It may be sending you baby. That would mean. "Trouble in Mind". Musical style Though during the first decades of the twentieth century blues music was not clearly defined in terms of chords progression. such as "How Long Blues". oppression at the hands of white folk. There are also 16-bar blues. if played in the tonality of F. citing Robert Johnson's "Crossroads" as a "thinly veiled reference to Eleggua. The basic twelve-bar lyric framework of a blues composition is reflected by a standard harmonic progression of twelve bars. The original lyrical form of the blues was probably a single line. The term refers to a type of homemade bass instrument made from a metal bucket used to clean pig intestines for chitterlings. in addition to the conventional twelve-bar blues. it could be humorous and raunchy as well: Rebecca. earned blues music an unsavory reputation. "Gut-bucket" described blues that was "low-down" and earthy.Lyrics Early blues frequently took the form of a loose narrative. Author Ed Morales has claimed that Yoruba mythology played a part in early blues. the cruelty of police officers. But the blues was about more than hard times. in contrast to much of the music being recorded at the time. most common structure—a line. Rebecca. realistic lyrics. And because it often treated the hardships and injustices of life. repeated once and then followed by a single line conclusion—became standard. but it's worrying the hell out of me. hard times". the blues gained an association in some quarters with misery and oppression. get your big legs off of me. repeated three times. "Down in the Alley" by Memphis Minnie. many seminal blues artists such as Joshua White. and Big Bill Broonzy's "Key to the Highway". Music such as this was called "gut-bucket" blues. the chords would be as follows: F Bb C F or Bb Bb Bb F F F F F F or C 15 . get your big legs off of me. It was only later that the current. is about a prostitute having sex with men in an alley. hard luck and hard times. as in Ray Charles's instrumental "Sweet 16 Bars". Upstanding church-going people shunned it. or Reverend Gary Davis were influenced by Christianity. Rebecca. Gut-bucket blues and the rowdy juke-joint venues where it often was played. One of the more extreme examples. Many of the oldest blues records contain gritty. Skip James. Rebecca. However. Son House. The blues chords associated to a twelve-bar blues are typically a set of three different chords played over a twelve-bar scheme: I IV V I or IV IV IV I I I I I I or V where the Roman numbers refer to the degrees of the progression. that dealt with often rocky or steamy man-woman relationships. the twelve-bar blues became standard in the '30s. a soul food dish associated with slavery and deprivation. However. and some preachers railed against it as sinful. in 4/4 or 2/4 time. there are many blues in 8-bar form. the orisha in charge of the crossroads". often with the singer voicing his or her "personal woes in a world of harsh reality: a lost love.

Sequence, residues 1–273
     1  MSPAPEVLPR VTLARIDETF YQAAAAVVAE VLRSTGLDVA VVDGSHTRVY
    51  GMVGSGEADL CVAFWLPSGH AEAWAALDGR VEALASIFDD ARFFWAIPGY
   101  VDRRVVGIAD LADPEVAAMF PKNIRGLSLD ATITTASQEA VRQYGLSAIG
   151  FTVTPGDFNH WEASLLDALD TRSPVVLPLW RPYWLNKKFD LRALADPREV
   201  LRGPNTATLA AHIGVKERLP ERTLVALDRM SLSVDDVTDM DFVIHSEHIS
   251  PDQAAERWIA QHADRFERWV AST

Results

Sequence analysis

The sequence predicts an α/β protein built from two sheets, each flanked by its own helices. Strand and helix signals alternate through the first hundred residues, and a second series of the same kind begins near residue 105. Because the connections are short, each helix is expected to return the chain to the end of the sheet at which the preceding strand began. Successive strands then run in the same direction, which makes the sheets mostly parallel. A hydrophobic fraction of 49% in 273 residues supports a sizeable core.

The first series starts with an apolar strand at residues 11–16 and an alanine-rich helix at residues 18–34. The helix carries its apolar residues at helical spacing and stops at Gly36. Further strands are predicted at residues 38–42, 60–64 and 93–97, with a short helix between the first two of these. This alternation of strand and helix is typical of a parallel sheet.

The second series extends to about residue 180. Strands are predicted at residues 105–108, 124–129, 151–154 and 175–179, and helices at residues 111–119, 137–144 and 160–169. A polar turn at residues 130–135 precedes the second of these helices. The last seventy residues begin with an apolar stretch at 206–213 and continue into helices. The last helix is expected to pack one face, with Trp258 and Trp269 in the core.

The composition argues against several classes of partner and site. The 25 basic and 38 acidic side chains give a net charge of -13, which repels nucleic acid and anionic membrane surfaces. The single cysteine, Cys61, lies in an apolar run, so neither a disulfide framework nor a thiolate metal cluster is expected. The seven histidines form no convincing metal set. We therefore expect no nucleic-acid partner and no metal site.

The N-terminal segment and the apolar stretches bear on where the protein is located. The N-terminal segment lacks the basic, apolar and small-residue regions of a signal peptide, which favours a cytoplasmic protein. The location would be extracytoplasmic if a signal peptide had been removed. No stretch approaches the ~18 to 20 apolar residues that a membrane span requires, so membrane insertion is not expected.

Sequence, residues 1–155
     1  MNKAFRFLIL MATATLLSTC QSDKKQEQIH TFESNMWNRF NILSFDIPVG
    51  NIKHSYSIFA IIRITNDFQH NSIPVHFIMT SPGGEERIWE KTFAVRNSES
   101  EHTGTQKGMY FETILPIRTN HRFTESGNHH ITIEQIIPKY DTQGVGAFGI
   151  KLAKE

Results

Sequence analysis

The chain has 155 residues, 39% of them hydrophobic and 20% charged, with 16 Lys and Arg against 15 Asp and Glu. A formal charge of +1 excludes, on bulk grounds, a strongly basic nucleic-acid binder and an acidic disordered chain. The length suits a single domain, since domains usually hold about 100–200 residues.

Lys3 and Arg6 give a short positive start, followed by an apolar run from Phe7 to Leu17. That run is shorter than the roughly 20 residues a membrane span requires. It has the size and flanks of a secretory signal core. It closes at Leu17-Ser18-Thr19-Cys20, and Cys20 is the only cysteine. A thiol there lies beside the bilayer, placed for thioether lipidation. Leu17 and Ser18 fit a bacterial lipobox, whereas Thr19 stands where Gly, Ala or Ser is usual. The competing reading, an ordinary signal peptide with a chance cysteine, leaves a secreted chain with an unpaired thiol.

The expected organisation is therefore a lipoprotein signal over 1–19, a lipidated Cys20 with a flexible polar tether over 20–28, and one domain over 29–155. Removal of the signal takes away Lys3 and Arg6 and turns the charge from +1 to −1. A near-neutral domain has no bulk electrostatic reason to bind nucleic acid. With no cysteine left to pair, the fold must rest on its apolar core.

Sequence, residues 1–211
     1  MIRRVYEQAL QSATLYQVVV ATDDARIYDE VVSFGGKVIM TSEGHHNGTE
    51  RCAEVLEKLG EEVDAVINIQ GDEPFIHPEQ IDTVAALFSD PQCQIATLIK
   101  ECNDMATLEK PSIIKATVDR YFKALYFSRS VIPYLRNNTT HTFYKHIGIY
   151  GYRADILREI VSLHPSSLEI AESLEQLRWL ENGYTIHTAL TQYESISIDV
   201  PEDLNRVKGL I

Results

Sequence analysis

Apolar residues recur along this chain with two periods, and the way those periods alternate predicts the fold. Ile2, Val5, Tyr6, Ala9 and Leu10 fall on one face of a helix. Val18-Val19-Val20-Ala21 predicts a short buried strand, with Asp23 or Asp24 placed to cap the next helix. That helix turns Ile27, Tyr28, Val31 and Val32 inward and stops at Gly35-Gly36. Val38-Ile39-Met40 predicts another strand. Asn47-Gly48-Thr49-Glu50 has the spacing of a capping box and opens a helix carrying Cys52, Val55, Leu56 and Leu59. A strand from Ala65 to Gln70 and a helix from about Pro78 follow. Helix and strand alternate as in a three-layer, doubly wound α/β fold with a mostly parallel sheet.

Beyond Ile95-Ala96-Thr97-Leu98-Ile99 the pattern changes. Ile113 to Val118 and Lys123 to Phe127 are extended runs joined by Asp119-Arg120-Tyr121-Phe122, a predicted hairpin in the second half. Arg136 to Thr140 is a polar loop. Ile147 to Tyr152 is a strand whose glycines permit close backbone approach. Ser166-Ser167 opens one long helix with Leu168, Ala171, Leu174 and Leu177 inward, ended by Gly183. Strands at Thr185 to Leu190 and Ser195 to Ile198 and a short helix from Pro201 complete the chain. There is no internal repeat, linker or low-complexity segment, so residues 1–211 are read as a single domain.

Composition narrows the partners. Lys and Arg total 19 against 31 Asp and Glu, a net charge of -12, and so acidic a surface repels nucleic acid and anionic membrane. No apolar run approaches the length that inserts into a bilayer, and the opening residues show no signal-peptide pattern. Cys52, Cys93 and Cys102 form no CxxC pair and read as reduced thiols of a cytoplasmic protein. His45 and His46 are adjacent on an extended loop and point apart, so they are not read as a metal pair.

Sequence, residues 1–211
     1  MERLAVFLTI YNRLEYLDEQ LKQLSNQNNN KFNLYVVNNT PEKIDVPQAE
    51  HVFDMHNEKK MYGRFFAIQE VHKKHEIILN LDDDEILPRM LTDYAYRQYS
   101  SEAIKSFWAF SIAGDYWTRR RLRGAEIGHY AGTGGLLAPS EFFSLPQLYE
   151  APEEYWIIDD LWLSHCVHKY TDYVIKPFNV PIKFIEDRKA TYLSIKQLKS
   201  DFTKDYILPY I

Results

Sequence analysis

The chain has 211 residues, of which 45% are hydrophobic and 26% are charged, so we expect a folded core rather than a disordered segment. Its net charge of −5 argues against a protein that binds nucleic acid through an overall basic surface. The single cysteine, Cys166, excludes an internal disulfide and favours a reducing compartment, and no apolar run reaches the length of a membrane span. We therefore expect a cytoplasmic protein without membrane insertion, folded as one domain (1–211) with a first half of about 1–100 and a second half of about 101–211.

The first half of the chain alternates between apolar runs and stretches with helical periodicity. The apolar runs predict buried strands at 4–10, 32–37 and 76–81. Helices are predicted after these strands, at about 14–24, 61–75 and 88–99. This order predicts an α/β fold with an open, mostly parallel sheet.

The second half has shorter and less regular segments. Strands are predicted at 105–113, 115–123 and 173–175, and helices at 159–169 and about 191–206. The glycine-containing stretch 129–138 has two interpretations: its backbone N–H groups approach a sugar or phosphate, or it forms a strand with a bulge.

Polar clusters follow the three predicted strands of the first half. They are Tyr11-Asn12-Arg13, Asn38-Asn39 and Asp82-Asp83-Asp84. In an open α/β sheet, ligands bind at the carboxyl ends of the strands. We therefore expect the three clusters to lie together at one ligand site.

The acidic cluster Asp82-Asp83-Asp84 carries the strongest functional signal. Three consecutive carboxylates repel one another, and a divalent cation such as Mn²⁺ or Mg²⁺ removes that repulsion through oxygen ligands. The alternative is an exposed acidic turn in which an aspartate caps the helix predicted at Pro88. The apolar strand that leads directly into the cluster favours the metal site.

The lyrics generally end on the last beat of the tenth bar or the first beat of the eleventh bar. On a guitar this may be done as a simple steady bass or may add to that stepwise quarter note motion from the fifth to the seventh of the chord and back. when the popular record industry developed and created marketing categories called "race music" and "hillbilly music" to sell music by and for blacks and whites. Musicians sometimes refer to twelve-bar blues as "B-flat" blues because it is the traditional pitch of the tenor sax.g. da" as it consists of uneven eight notes. there was no clear musical division between "blues" and "country. produces the groove feel characteristic of the blues. da dow. can be extremely complex. and even flatted fifth in the melody. At the time. spawning regional variations across the United States and. and the final two bars are given to the instrumentalist as a break. minor-key blues is most often structured in sixteen bars rather than twelve—e. accompanied by Big Brother and the Holding Company. Studies have situated the origin of "black" spiritual music inside slaves' exposure to 16 . the turnaround.In this example. the harmony of this two-bar break. the revolutionary aspect of blues was the frequent use of the flatted fourth. da" or "dump. sometimes consisting of single notes that defy analysis in terms of chords. often crushed by the singer or lead instrument with the perfect fifth in the harmony. Their simplest version commonly used in many postwar electric blues. The final beat. trumpet/cornet. except for the occasional use of a flatted fifth in the tonic. blues musicians have since emerged world-wide. a blues singer or harmonica player will glissando. Janis Joplin's rendition of "Ball and Chain". a pianist or guitarist might crush the two notes and then release the grace note. da dump." except for the race of the performer. is almost always strongly grounded in the dominant seventh (V7). clarinet and trombone. to provide tension for the next verse. later.. every chord is played in the dominant seventh (7th) form.. Blues harmonies also use the subdominant major-minor seventh and the tonic major-minor seventh in place of the tonic.e. diminished second—and sliding—similar to using grace notes. Recorded blues and country can be found from as far back as the 1920s. similar to the walking bass. respectively. i. Played in time with the bass and the drums. What is now considered "blues" as well as modern "country music" arose at approximately the same time and place during the nineteenth century in the southern United States. Shuffle rhythm is often vocalized as "dow. Europe. or early bebops is a basic three-note riff on the bass strings of the guitar. the groove. rock-and-rolls. The last bar of the chord progression is usually accompanied by a turnaround making the transition to the beginning next progression. Also. flatted seventh. Blues is occasionally played in a minor key. together with crushing—playing directly adjacent notes at the same time. this technique. "St. and even that sometimes was documented incorrectly by record companies. Where a classical musician will generally play a grace note distinctly. Melodically. While blues emerged from the culture of African-Americans. fifth and seventh (the so-called blue or bent notes) of the associated major scale. Blues shuffles are also typical of the style. the last chord is the dominant (V or in this case C) turnaround making the transition to the beginning of the next progression. Note that much of the time. Africa and elsewhere. however. da dump. Frequently. James Infirmary Blues" and Trixie Smith's "My Man Rocks Me"—and was often influenced by evangelical religious music. Their use reinforces the rhythm and call-and-response trance. An example is provided by the following tablature for the first four bars of a blues progression in E: E B G D A E E7 A7 E7 E7 |-------------------|-------------------|-------------------|-------------------| |-------------------|-------------------|-------------------|-------------------| |-------------------|-------------------|-------------------|-------------------| |-------------------|2--2-4--4-2--2-4--4|-------------------|-------------------| |2--2-4--4-2--2-4--4|0--0-0--0-0--0-0--0|2--2-4--4-2--2-4--4|2--2-4--4-2--2-4--4| |0--0-0--0-0--0-0--0|-------------------|0--0-0--0-0--0-0--0|0--0-0--0-0--0-0--0| Origins Blues has evolved from the spare music of poor black laborers into a wide variety of complex styles and subgenres. blues music is marked by the use of the flatted third. da dow. F is the subdominant. The scale differs little from the traditional minor. provides an example of this technique. While the twelve-bar harmonic progression had been intermittently used for centuries.